Holly (formanymiles) wrote,

most tender and Respectful friendship

Lafayette's adamant defense of Washington during a tough time deepened and cemented their bond. He wrote to Washington of his "most tender and Respectful friendship" and confessed, the "Sentiments of my Heart [are] much stronger than a So new acquaintance Seems to admit. But an other Reason to be Concerned in the present Circumstances is my Ardent, and perhaps enthusiastic wishes for the Happiness and liberty of this Country." In other words, after only five months' acquaintance, to Lafayette, Washington and America were one and the same. "I am now fixed to your fate," he added, begging Washington's pardon if "youth and friendship make perhaps myself too warm."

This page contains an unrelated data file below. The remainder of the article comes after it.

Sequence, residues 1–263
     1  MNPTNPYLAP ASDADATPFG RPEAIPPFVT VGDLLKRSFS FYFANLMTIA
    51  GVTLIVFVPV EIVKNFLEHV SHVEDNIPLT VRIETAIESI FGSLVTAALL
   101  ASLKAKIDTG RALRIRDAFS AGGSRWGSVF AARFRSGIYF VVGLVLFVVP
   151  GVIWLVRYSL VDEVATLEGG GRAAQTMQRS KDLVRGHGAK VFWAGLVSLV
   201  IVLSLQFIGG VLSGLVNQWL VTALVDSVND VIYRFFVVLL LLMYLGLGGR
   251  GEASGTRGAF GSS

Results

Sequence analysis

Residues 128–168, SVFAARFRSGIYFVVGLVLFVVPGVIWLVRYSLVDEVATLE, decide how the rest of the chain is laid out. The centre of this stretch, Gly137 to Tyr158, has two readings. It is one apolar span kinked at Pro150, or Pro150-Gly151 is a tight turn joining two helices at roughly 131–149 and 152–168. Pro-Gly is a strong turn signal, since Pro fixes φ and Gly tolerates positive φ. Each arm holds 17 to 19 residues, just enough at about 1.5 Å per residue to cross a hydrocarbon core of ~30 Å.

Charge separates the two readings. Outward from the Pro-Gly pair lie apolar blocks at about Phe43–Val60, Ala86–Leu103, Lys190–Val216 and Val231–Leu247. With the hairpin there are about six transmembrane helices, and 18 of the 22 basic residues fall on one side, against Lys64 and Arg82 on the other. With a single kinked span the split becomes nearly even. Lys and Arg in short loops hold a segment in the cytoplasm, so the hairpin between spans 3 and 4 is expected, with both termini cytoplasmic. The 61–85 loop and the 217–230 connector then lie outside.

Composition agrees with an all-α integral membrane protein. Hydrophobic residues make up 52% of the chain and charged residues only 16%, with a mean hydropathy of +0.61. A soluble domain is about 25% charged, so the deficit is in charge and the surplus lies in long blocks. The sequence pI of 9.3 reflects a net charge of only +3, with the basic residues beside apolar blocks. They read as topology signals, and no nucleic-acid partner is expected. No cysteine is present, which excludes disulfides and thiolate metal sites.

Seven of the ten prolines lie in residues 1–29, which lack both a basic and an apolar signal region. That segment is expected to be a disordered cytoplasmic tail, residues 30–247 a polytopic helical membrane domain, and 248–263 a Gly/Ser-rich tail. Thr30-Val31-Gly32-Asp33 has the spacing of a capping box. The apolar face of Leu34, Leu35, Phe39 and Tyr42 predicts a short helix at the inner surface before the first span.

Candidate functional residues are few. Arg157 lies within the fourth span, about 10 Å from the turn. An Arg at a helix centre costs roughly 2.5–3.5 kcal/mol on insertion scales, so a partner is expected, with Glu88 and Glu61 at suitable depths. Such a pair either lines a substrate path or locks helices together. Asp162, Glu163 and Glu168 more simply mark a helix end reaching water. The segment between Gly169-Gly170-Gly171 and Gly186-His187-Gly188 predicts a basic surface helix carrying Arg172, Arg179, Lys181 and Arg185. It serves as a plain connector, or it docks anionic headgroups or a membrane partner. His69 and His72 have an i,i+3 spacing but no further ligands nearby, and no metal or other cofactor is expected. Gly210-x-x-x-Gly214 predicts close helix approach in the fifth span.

In his reply to Lafayette, Washington expressed "sentiments of the purest affection." Which is about as gushy as a George Washington interoffice memo gets. He added, "It will ever constitute part of my happiness to know that I stand well in your opinion." Regarding the "dirty Arts and low intrigues" of Conway, Gates, and their accomplices among the politicians, Washington, echoing The American Crisis by Paine, acknowledged, "We must not in so great a contest, expect to meet with nothing but Sun shine." He closed the letter predicting a victorious future sleepover at Mount Vernon: "My Dear Marquis, if you will give me your Company in Virginia, we will laugh at our past difficulties and the folly of others."

Sarah Vowell, Lafayette in the Somewhat United States.
Tags: books, quotes
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